Department of Biochemistry University of Oxford Department of Biochemistry
University of Oxford
South Parks Road
Oxford OX1 3QU

Tel: +44 (0)1865 613200
Fax: +44 (0)1865 613201
Image showing the global movement of lipids in a model planar membrane
Matthieu Chavent, Sansom lab
Anaphase bridges in fission yeast cells
Whitby lab
Lactose permease represented using bending cylinders in Bendix software
Caroline Dahl, Sansom lab
Epithelial cells in C. elegans showing a seam cell that failed to undergo cytokinesis
Serena Ding, Woollard lab
Collage of Drosophila third instar larva optic lobe
Lu Yang, Davis lab
First year Biochemistry students at a practical class
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Simon Newstead
Structural and Functional Studies of Membrane Proteins involved in nutrient uptake and drug transport

Co-workers: Dr Jo Parker, Dr Gurdeep Minhas, Dr Gabriel Kuteyi, Dr Richard Payne, Dr Jason Yau, Mr Ashley Gillum, Mr Philip Braeuer, Mr Oliver Adams, Mr Tomas Pascoa, Mr Zhiyi Wu

Alumni:  Dr Oleg Sitsel (EMBO Fellow), Dr Sabrina Schulze (EMBO Fellow), Dr Katharina Jungnickel (Marie Curie ITN Graduate Student), Dr Nicolae Solcan (Wellcome Trust Cellular Structural Biology Graduate Student), Dr Sonya Hanson (NIH-OxCam Graduate Student), Dr John H. Beale (MRC Graduate Student).


Research in my laboratory focuses on understanding how nutrient transporters function at a molecular level. In humans many of the transport proteins involved in absorbing nutrients from our diet, such protein, sugar and fats, are also responsible for drug transport and distribution into specific organs, such as the central nervous system, liver and kidneys. Nutrient transporters therefore have a profound impact on the pharmacokinetic properties of many administered drugs with clear medical advantages to understanding their biochemistry.

Peptide transporters belong to one such family of integral membrane transporters, which in mammals are the major route of dietary peptide absorption in the small intestine and kidneys. In humans they belong to the Solute Carrier (SLC) 15 gene family and called PepT1 and PepT2. Both PepT1 and PepT2 are of significant pharmaceutical interest due to their ability to actively uptake a number of clinically important drugs, such as beta-lactam antibiotics, antivirals and HIV protease inhibitors. Recent developments in drug delivery technology have targeted PepT1 and PepT2 to improve the pharmacokinetic properties of such drugs, including their uptake and retention within the body. Following attachment of amino acids or small peptides to a drug that has poor absorption properties, these called peptide pro drugs are now recognized by PepT1 and transported into the body following oral administration (Figure A). The potential of utilizing PepT1 and PepT2 as universal drug delivery and retention systems represents a profound and transformative new development in engineered drug bioavailiabity.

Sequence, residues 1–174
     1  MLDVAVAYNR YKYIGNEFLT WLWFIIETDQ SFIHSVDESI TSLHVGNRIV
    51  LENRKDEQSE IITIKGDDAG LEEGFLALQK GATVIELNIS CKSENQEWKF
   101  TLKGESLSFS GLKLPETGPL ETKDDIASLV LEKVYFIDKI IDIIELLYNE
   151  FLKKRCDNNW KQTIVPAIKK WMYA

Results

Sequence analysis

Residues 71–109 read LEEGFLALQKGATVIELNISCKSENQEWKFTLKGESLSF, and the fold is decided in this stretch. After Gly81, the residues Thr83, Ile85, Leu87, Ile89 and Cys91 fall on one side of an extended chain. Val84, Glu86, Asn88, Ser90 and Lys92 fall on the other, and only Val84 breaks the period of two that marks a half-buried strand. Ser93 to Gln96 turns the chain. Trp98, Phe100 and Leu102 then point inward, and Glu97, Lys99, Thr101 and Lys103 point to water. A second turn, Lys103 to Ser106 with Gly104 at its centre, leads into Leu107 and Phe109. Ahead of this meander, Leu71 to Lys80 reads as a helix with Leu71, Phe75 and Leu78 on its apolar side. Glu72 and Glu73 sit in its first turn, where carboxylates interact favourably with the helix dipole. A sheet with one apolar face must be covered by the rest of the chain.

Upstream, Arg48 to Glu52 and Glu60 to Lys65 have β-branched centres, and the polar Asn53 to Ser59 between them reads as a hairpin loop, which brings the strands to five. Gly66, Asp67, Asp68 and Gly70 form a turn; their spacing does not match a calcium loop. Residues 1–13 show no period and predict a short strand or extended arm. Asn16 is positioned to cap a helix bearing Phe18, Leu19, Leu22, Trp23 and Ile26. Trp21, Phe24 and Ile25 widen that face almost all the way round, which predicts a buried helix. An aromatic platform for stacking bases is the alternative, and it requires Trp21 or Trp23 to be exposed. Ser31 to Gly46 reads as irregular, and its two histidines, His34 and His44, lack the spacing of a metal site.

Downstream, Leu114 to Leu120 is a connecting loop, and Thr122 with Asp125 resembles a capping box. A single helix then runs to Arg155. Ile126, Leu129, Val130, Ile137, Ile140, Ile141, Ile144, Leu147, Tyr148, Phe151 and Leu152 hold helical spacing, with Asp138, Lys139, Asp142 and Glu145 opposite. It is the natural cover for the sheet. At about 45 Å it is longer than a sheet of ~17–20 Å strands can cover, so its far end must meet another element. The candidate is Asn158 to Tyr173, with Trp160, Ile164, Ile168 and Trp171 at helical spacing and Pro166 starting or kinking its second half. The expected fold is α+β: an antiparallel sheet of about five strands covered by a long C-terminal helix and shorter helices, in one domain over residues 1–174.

One of the key goals of our research is to extend the use of protein crystallography, single particle cryo-EM and in vitro biochemical analysis to provide novel insights into the molecular details underpinning the observed peptide and drug recognition properties within the SLC15 peptide transporter family.

The group is also focused on several additional families of secondary active SLC transporters linked to drug transport. These include the SLC36 and 38 families of amino acid transporters and the SLC35 family of nucleotide sugar transporters.

Membrane protein crystal screen development: The MemGold family.

The development of new methods to determine the crystal structures of membrane proteins is also an important part of our research. In addition to work in developing expression and screening technologies to identify suitable targets for biophysical study, we are also data mining the Protein Data Bank (PDB) to uncover emerging trends in alpha helical membrane protein crystallization. This information is then used to develop more sophisticated membrane protein crystallization screens. We have recently launched complimentary screens to the highly successful MemGold screen, which was launched in 2007, called MemGold II and MemAdvantage. MemGold II employs information from a range of recently determined eukaryotic membrane protein structures, whilst MemAdvantage is the first additive screen designed specifically for membrane protein crystal optimization. These screens are available through our industrial partner Molecular Dimensions Ltd.

Selected Publications

  1. Parker, JL. & Newstead, S. Structural basis of nucleotide sugar transport across the Golgi membrane. 2017 Nature 551, 521-524.
  2. Parker, JL. et al. Proton movement and coupling in the POT family of peptide transporters. 2017 PNAS 114,13182-13187.
  3. Byrne, EXF. et al. Structutral basis of Smoothened regulation by its extracellular domains. 2016 Nature 535, 517-522.
  4. Stockbridge, R.B. et al. Crystal structures of a double-barrelled fluoride ion channel. 2015 Nature 525, 548-51.
  5. Parker, JL. & Newstead, S. Molecular basis of nitrate uptake by the plant nitrate transporter NRT1.1. 2014 Nature 507, 68-72.
More Publications...

Recent news articles relating to research in the Newstead group:

Nitrate transporter structure paves the way for exciting new areas of work
Wellcome Trust Investigator Award success for Simon Newstead


Research Images

Figure A: PepT1 and PepT2 play key roles in mediated drug transport in the human body. Illustrated here the concept of peptide pro-drug transport

Figure B: Alternating access mechanism of transport in the POT family, determined through structural and biochemical studies undertaken in the group


Figure C: Crystal structure of PepTSo, a bacterial homologue of PepT1, shown in an simulated POPC bilyer used to study protein dynamics via molecular dynamics. Valacicolvir, a commonly prescribed peptide pro-drug transported into the body via PepT1